12-06-2001, 05:51:00 PM
What is this exactly always hear about it on the shows on speedvision?
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12-06-2001, 05:51:00 PM
What is this exactly always hear about it on the shows on speedvision?
12-06-2001, 07:18:00 PM
understeer is a term used to describe how a car handles near the limit. This means when you start pushing it around corners that the car will go wide - ie: the front end starts losing traction first (I'm not talking a headlong slide here, but the car doesn't turn as tightly as the angle of the wheels are telling it to)
99% of cars are designed to have understeer because it is safer with 99% of drivers. When you go into a corner, realise you are going too fast, and the car starts going wide, what's your first reaction? Let off the gas, or hit the brakes, right?
what happens when you let off, or brake is that weight transferrs foward in the car. This increases traction up front, and decreases it in the rear, curing the understeer, and saving your @$$
Now, the opposite is OVERsteer. this is what the old Porsche 911's are known for. If you get in too fast, the REAR of the car looses traction first, and the car starts to spiral in on the corner. Now, take 99% of drivers when this happens - they will still hit the brakes. Hitting the brakes still transferrs weight foward, leaving the rear tires with even LESS grip. Hence, the rear slides out more, and you are very likely to spin out completley.
Now, for an experienced driver, oversteer can be very useful - they know not to hit the brakes (and don't usually go into a corner too fast http://www.nastyz28.com/ubb/smile.gif ). with an oversteering car, when you go in too fast, you want to either steer out of the corner, or hit the gas (assuming your motor won't break the rear tires loose). Steering out of the corner gets you going sideways, like in the movies, and hitting the gas moves weight to the back of the car, increasing rear traction, and reducing front traction.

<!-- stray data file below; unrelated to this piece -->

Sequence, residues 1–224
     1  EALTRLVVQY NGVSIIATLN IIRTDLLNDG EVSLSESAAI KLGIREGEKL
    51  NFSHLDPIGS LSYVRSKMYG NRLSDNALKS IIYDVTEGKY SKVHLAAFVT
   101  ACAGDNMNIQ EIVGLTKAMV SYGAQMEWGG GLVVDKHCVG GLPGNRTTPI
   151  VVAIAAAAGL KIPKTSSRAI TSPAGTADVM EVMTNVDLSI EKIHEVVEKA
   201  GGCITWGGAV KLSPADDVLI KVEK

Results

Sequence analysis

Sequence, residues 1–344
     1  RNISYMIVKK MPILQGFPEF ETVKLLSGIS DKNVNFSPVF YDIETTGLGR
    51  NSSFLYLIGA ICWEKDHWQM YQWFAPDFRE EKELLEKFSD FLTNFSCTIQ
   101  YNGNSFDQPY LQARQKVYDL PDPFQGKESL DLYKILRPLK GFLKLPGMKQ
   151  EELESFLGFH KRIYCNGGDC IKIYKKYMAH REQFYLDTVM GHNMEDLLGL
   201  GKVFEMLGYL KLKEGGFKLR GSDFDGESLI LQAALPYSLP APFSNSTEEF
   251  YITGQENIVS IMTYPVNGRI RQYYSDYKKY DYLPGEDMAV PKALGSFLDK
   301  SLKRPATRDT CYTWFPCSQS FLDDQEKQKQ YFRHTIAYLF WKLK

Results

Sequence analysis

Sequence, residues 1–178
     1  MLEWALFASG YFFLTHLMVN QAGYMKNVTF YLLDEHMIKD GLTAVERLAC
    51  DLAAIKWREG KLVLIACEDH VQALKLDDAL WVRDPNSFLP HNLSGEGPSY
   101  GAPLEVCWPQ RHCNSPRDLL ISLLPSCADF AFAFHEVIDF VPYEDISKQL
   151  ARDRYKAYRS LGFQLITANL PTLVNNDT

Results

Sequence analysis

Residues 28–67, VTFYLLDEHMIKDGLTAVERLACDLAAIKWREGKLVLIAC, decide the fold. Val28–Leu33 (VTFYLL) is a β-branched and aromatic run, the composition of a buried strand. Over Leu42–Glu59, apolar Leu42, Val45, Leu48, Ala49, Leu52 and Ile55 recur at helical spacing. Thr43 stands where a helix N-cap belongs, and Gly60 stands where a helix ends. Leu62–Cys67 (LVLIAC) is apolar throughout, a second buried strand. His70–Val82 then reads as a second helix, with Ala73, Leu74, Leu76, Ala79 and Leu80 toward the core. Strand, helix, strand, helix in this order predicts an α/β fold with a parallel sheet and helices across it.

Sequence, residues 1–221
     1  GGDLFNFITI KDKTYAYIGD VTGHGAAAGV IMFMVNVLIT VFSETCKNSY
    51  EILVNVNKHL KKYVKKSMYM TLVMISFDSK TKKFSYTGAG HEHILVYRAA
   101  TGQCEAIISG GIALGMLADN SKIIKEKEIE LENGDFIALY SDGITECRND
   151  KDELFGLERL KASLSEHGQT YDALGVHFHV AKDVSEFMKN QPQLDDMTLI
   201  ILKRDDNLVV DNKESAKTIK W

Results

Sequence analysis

This is also what they mean when they say you can 'steer a car with the throttle' more gas loosens the turn, less tightens it.
Now, ideally, you have a car that handles completley neutrally - neither end slides first. It's not as dramatic, but it's faster, and does take a bit more work in tuning the suspension.
*whew* sorry for the long post, I could go on for volumes. This is the stuff that really excites me about cars, even moreso than smoking burnouts and blazing 1/4 trips.
12-06-2001, 07:23:00 PM
My biggest problem with my camaro will be spinning the tires around a corner lets say a right turn then the rear of the car pitchs to the left what do you do in that situation?
12-06-2001, 11:25:00 PM
sounds like oversteer, right? The car is tightening up on the corner, and would head off the road to the inside of the turn if left uncorrected?
Also, when you say spinning, you mean you're breaking them loose and basically doing a burnout? (I'm jealous)
If that's the case, suspension tuning isn't really going to help you that much, you're simply overwhelming the traction the rear tires can provide. A certain tire can only give so much grip - if you're going hard into a corner, and using ALL that grip to hold the car laterally in the corner, then getting on the gas will put more demands on the traction that tire has, and if the total force exceeds the grip the tire has to provide then you'll spin 'em.
Now, this is different than steering with the throttle like I mentioned above - once you've broken the rear tires loose, the rear has basically NO traction, and is just going to swing out (as opposed to steering with the throttle when the rears remain connected and more gas would loosen the turn), and you need to reduce throttle to bring the rear back in line, or steer out of the corner some into a nice powerslide.
To remedy this, you either need wider tires (or better tires for more grip - not drag slicks, but performance radials designed for cornering) or don't hit the gas so hard!
Personally, I'd find some empty back roads that you know well, and play around. Learn how much you can get on the gas around a corner WITHOUT breaking the rear tires lose. Then (if you feel comfortable) try giving it a little more gas and experiment with some power slides - just picture what you see in the movies (and remember that they are TRAINED drivers, so take it slow!)
What I've done in the past is whenever I go over a certain stretch of road, increase my speed by 5mph or so and see what happens. If it starts getting squirelly, back off, and consider that the 'limit' for now.
Legal Disclamer: Do this at your own risk - playing around testing the limits of your cars handling on the street increases your chances of ending up in a ditch (or worse), or red-blue lights flashing behind you!